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This article in AJ

  1. Vol. 66 No. 1, p. 70-71
    Received: May 15, 1973

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Corn Yield as Affected by Fertilization and Tillage System1

  1. Rodney J. Fink and
  2. Dean Wesley2



Recent adoption of no-tillage planting systems by many farmers has raised questions concerning comparative yields with conventional tillage systems and problems associated with nutrient absorption. No-tillage systems gem erally require surface application of P and K, thus studies are needed to determine whether surface-applied nutrients can supply plant needs. The objectives of this study were to determine 1) the desirability of applying P and K on the soil surface, 2) comparative yields between zero-tillage and conventional-tilled corn (Zea mays L.) production systems, and 3) the movement of P and K into the soil profile.

Two soil types, an Ipava and a Clinton silt loam, were selected for these studies. A completely randomized experimental design with four replications was utilized on each soil type. Soil samples were taken at four depths of the soil profile at initiation of the studies and again during the final year. Soils were analyzed for P and K in order to determine the movement of surface applications of these nutrients.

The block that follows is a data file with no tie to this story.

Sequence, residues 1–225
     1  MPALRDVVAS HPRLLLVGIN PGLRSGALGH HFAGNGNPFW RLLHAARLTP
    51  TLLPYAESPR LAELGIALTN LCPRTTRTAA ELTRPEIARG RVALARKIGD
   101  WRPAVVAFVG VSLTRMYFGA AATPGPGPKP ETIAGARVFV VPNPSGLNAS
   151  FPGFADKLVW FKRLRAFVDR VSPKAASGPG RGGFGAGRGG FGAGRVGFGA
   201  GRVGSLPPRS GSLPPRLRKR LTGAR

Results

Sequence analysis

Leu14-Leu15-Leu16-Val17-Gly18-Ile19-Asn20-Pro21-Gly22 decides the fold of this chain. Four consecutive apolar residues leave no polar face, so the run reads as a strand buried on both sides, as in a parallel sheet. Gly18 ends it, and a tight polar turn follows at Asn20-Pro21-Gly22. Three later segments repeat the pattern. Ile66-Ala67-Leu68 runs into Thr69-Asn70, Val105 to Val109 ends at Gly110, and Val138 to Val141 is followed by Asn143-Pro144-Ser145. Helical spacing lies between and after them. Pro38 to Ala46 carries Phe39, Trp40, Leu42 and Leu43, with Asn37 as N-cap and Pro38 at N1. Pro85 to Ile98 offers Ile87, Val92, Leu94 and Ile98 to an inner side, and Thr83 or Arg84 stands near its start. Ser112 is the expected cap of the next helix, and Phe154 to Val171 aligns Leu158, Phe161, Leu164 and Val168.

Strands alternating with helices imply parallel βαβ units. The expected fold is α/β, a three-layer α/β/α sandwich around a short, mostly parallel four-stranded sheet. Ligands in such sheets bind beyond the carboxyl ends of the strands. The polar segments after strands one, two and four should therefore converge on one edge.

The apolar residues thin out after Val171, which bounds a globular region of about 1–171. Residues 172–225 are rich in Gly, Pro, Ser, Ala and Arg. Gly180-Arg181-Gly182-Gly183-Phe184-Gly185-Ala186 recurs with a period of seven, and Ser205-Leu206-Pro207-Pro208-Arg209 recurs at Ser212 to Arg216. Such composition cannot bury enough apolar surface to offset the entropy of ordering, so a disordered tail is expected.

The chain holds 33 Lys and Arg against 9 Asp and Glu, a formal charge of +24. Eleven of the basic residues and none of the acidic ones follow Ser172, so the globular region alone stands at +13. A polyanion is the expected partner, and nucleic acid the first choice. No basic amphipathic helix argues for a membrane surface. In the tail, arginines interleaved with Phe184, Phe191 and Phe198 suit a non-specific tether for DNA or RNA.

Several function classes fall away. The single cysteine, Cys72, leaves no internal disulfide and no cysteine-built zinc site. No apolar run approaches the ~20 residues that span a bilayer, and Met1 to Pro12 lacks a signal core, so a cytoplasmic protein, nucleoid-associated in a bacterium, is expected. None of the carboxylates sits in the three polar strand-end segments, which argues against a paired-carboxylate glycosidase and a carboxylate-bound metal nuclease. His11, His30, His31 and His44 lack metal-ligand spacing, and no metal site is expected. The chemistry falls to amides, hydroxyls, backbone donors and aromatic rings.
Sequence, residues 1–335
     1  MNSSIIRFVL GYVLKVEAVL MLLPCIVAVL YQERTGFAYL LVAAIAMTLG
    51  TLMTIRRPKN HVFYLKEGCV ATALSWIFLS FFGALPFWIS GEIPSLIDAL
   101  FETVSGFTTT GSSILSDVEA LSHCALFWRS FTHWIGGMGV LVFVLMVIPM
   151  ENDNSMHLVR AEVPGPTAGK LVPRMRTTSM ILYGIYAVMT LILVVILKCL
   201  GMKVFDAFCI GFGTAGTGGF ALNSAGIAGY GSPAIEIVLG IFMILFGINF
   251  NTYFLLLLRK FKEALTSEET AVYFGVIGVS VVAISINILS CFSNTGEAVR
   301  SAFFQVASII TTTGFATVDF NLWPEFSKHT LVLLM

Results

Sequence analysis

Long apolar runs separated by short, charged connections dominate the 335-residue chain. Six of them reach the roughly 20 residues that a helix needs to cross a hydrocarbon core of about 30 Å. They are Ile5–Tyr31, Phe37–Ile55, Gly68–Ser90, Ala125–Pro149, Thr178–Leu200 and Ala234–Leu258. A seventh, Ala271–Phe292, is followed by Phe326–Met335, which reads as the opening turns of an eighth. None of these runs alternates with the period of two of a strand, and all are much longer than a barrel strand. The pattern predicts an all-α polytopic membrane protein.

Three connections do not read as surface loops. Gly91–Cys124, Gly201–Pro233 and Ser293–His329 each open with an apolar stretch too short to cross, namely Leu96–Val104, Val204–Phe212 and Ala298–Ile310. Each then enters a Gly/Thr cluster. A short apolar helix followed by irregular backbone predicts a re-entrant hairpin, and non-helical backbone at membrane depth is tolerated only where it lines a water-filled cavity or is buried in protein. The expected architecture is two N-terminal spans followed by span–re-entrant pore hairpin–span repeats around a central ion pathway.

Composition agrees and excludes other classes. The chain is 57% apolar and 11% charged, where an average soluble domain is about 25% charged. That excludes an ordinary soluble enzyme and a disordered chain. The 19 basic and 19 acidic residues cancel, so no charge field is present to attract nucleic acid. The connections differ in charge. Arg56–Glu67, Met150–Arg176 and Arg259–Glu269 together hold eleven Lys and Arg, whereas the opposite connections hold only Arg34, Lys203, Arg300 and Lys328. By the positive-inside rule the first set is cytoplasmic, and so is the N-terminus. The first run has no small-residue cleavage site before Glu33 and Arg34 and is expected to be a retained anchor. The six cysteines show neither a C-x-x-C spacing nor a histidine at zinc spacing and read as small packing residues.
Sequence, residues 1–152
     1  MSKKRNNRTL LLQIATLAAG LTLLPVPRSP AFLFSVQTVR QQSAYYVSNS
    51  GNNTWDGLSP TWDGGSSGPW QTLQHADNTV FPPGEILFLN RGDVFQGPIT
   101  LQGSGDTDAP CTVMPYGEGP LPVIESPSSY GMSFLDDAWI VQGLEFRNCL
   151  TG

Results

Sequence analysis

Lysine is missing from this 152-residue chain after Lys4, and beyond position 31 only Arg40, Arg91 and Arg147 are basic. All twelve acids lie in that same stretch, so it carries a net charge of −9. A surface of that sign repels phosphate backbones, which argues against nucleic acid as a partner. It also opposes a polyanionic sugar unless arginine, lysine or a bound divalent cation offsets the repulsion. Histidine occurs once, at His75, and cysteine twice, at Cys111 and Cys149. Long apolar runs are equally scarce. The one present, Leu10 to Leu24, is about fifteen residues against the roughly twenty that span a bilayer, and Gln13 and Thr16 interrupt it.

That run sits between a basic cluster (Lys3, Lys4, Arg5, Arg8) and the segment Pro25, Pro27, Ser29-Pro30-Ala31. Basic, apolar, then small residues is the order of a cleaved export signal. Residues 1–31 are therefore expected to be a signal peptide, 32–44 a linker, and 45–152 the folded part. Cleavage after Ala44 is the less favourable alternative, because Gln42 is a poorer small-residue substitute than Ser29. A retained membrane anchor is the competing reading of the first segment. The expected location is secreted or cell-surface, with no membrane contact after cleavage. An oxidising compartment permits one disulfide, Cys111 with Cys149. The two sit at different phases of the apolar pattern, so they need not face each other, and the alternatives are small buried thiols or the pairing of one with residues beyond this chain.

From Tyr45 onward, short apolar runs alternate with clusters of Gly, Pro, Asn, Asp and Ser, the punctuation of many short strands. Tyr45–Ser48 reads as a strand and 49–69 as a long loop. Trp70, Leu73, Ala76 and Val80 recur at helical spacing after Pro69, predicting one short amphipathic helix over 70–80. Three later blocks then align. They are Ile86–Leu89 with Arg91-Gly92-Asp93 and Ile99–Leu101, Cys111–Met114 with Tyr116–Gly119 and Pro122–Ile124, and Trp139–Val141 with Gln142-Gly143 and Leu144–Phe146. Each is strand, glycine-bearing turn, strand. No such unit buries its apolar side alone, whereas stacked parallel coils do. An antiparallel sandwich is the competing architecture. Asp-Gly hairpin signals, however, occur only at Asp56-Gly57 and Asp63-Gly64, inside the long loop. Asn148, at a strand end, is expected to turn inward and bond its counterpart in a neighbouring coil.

Movement of P and K into the soil profile following surface application on untilled areas was slow with both nutrients—K moved more rapidly than P. Following 2 years without P or K, yield levels were restored on plots receiving one annual application of both nutrients. Average yields of corn were similar on both tillage systems on both soil types.

Yield trials produced similar yields with conventional and with zero-tillage systems, although some problems occurred with reduced-tillage systems. Surface application of P and K was a satisfactory method of meeting the plant needs for these nutrients.

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